Training and fighting in Muay Thai is not like playing a board game. You can’t just roll the dice, hit a 5, advance 5 spaces, roll again, hit a 6, move that many spaces forward and just like that you are only a few steps away from the end of the board game. Learning doesn’t work that way.

Instead, it’s more like chess: slow, calculated, methodical. It takes time to learn and build a strategy. It takes time to play the game. You have to watch your opponent and think several steps in advance, while they are doing the same. 

Maybe you need to lose a few times to get better, not willingly, but lose to someone that is better than you. I think that we sometimes forget this analogy or have simply never adopted it. 

I want to address the “I want it now attitude.” Training in Muay Thai, or anything for that matter, takes time, energy, effort, and sacrifice. Real sacrifice, like the kind of sacrifice that on the days that you want to go home and quit, but you don’t. You can quit, you can go home and never train again. Your friends or family that don’t train will love and support you either way. They don’t care. But in doing so, will you have truly learned anything? 

I was talking to a friend the other day about the level of amateur fighters in America compared to Europe and elsewhere in the world.  

In Europe they have what’s called C class, B class, and A class levels. You are required to keep track of each fight in a small book called a fight book, much similar to the way USA boxing does. Along with that they also have a rule where you are not allowed to move up a class until you have completed 25 fights in each class. In America, this is not the case. Amateur fighters here are not really developing a good strong foundation in the basics of training and winning a fight.  

In Europe C class means you’ve participated in 25 amateur fights. If you were to fight an average of once a month that would be 12/year and 24/2 years. Let’s say at some point you fight in a tournament, so maybe you rack up a few fights more than average. One year you do a tournament and win, so possibly you had 3, 4 or even 5 fights in one weekend so you built your fight record a little faster. You are still at 1 ½ years as a C class fighter at minimum while consistently training and fighting. 

An average American amateur fighter has 8-10 fights a year; pro even less. 

This does not account for any injuries you sustain during your fights, time off from over-training, or life outside the gym. So, let’s say we are now pushed back to the 2 year mark as a C class fighter. You’ve reached your 25 fights and are ready to move up to B class. B class, for those of you that don’t know, is semi-pro. You fight with no shin pads, no headgear and use elbow pads. However, you still don’t get paid and are considered an amateur.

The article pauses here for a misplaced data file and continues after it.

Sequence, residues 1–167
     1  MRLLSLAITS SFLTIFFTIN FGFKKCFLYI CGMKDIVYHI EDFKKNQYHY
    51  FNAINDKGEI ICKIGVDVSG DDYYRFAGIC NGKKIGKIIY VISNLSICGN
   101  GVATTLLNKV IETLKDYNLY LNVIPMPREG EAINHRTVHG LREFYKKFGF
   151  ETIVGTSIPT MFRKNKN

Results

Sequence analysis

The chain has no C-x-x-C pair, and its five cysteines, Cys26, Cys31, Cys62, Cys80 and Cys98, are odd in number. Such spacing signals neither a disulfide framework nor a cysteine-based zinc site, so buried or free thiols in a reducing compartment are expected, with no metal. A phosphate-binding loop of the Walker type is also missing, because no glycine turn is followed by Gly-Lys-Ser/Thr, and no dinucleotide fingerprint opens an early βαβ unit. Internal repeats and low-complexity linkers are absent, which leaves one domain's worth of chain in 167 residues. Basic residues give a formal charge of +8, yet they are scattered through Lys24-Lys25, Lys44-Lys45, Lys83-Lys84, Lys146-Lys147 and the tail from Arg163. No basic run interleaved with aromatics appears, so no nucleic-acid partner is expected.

Again, you start over and need to accumulate 25 B class fights, and the process is the same. Let’s say that you cannot fight as much now because injuries are a little more severe and the recovery takes a little longer.  Let’s say now it takes you 3 years to get all 25 B class fights. 

In this scenario you have been training and fighting for 5 years total, with a total amateur fight experience of 50 fights before going into A class; you’re now a pro! 

I know this is a long-winded explanation, but my point is this: if fighting is something that you want to do, or even just learning Muay Thai, you can’t roll the dice, jump 5 spaces, and win the board game. You have to take it one day at a time. You have to put in the sacrifice, you have to go through the hard days and the great days


The only way that the level of Muay Thai in America and in yourself will rise up to the rest of the world is for more people to understand this. Really, I guess you could apply this thought to anything in life that you are trying to achieve. 

Final thoughts… Amateur fighters need more time in the gym and need to fight more if they are going to take fighting seriously as a profession. Also, if you have never lost in a fight or been down in the scorecards, fighting your way back for a win, then you never have been pushed to your limits. You don’t know what you are truly made of. In that moment, in the small window of time, you get to make a decision: do I quit, or persevere? 


Only you can answer that question. Even more so, you can only answer that question when you are in that moment. Something to think about. 

As always, train hard, be a beast!